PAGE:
Whisky centre and roof bar to replace House of Fraser
Councillors have approved plans to transform the former department store in Edinburgh.
Plans to transform a former House of Fraser building into a whisky visitor centre have been approved by councillors in Edinburgh.
Drinks giant Diageo will now convert the site on the west corner of Princes Street into the Johnnie Walker Whisky Experience.
The new attraction is set to create up to 180 full-time jobs and the building's iconic cantilever clock will be fully restored.
Diageo said it would create the "best bar in the world" on a roof terrace, offering views of Edinburgh Castle and across the city.
Edinburgh planning leader Councillor Neil Gardiner said: "This is a very welcome massive investment in the city.
"The use of the rooftop and upper levels is good and it's using Princes Street to its best."
"This is a very welcome massive investment in the city. The use of the rooftop and upper levels is good and it's using Princes Street to its best."Council planning convener, Neil Gardiner.
The new development is scheduled to open its doors by Christmas 2020.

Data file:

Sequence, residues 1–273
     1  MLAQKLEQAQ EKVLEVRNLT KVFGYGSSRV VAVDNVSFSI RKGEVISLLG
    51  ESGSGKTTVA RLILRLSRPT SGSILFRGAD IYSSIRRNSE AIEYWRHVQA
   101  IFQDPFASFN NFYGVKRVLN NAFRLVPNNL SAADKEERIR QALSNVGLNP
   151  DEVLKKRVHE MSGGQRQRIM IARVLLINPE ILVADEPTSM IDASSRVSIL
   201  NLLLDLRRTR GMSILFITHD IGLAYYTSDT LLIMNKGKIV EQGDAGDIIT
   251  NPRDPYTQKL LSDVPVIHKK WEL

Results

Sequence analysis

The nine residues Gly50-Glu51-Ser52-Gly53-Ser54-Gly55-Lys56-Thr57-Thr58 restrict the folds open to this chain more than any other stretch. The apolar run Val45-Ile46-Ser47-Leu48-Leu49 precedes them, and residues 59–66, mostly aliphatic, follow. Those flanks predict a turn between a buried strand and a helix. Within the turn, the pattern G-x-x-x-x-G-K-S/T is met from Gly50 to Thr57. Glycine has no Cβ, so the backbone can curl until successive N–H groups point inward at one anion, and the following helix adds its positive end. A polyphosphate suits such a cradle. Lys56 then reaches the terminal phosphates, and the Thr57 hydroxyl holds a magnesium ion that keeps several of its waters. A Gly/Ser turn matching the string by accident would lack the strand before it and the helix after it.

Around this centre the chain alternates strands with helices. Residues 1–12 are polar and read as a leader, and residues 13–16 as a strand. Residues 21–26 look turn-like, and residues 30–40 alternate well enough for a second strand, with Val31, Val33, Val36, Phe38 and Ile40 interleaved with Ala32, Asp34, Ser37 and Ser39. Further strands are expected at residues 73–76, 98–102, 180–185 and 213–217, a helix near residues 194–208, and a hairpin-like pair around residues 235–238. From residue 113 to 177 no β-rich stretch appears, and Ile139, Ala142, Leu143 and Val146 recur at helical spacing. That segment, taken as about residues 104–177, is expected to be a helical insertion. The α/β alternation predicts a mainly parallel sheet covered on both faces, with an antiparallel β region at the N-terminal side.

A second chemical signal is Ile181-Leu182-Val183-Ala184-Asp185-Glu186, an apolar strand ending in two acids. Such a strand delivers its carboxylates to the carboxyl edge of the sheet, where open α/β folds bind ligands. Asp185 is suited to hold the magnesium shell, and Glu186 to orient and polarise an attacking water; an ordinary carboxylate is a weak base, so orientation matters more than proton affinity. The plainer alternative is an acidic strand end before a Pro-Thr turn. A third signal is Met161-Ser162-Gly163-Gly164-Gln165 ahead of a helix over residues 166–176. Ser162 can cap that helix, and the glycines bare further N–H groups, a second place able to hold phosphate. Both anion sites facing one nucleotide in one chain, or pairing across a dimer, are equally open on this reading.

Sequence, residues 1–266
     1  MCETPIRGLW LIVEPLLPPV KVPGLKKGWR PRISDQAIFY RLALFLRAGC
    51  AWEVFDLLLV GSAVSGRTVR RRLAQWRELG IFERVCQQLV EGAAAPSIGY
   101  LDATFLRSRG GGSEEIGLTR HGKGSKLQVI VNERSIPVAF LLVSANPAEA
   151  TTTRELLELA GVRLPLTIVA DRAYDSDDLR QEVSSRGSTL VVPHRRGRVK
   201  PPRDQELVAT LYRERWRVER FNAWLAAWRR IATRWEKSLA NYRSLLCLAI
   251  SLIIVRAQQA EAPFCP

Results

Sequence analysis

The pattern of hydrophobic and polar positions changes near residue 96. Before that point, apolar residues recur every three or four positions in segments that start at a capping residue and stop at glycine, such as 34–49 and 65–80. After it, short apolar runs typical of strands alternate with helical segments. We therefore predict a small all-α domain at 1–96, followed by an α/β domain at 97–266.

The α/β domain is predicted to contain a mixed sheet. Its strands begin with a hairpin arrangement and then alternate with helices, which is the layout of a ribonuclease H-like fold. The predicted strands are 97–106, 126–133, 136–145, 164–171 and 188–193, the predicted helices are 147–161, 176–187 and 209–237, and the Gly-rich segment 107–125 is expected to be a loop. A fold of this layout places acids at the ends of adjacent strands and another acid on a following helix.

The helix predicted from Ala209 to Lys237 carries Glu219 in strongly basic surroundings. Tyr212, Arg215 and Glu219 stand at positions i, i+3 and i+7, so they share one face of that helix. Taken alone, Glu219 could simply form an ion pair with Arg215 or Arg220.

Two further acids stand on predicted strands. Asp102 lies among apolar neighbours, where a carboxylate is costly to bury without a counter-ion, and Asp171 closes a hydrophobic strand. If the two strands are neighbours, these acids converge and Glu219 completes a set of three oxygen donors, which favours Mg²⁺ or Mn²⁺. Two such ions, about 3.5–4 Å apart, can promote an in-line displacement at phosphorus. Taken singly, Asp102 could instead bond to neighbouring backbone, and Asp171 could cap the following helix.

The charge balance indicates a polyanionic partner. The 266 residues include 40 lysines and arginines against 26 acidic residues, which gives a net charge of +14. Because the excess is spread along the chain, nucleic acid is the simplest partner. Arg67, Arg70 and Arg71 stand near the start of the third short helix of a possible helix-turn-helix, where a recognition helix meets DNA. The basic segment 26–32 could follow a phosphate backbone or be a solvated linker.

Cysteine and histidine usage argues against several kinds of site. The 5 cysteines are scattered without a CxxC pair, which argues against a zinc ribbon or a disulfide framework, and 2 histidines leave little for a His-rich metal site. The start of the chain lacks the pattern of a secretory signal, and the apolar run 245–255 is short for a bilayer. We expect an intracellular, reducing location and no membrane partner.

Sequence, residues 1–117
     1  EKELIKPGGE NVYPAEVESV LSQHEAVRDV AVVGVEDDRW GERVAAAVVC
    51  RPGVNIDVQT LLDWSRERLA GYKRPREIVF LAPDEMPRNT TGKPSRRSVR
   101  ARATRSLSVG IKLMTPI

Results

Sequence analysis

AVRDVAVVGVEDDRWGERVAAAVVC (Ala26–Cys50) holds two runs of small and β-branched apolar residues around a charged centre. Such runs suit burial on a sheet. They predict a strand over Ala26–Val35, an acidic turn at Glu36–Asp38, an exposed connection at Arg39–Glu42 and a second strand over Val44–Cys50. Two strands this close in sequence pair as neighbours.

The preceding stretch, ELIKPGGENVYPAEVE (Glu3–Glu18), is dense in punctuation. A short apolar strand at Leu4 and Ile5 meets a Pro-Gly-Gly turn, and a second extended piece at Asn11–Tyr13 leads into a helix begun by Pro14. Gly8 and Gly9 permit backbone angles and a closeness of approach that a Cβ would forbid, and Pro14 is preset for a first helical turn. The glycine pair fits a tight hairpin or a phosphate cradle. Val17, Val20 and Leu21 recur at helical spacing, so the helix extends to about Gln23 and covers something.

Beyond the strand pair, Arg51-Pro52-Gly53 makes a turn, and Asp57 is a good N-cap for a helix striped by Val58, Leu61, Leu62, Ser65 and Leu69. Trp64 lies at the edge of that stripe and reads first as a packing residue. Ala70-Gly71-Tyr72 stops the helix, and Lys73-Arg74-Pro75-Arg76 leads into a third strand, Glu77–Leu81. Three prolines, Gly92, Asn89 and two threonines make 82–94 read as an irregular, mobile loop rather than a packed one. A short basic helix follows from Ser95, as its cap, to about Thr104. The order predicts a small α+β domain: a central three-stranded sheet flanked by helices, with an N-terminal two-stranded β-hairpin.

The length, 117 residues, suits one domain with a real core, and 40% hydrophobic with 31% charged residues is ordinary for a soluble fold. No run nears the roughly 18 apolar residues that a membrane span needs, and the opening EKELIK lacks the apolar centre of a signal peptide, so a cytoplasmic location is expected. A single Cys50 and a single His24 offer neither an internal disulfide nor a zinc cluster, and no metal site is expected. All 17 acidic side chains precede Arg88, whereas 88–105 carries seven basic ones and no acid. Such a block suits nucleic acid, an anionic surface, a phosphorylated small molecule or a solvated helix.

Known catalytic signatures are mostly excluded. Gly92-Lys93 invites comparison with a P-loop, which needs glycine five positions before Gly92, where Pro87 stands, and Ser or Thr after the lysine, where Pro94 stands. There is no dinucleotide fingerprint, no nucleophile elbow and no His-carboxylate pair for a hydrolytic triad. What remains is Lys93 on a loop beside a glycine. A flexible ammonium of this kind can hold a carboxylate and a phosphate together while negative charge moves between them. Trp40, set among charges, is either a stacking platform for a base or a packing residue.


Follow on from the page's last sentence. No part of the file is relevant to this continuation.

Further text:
David Cutter, chairman of Diageo in Scotland, said: "This is another significant step forward in our journey to create an inspiring flagship destination for Johnnie Walker.
"We have had great support for our proposals from local stakeholders and businesses in Edinburgh and we are grateful to everyone who has helped us to get to this stage.
"We will continue to work with the local community as we now progress with construction and with making our plans a reality."
Cristina Diezhandino, Diageo global Scotch whisky director, said: "We are incredibly excited by our plans for the Johnnie Walker visitor experience in Edinburgh where people can explore, discover, and immerse themselves in story of the world's leading whisky brand.
"We have ambitious plans to make this a truly world-leading attraction, drawing people from the four corners of the globe to Scotland and to give them an unforgettable experience in Scotch whisky and Scottish culture."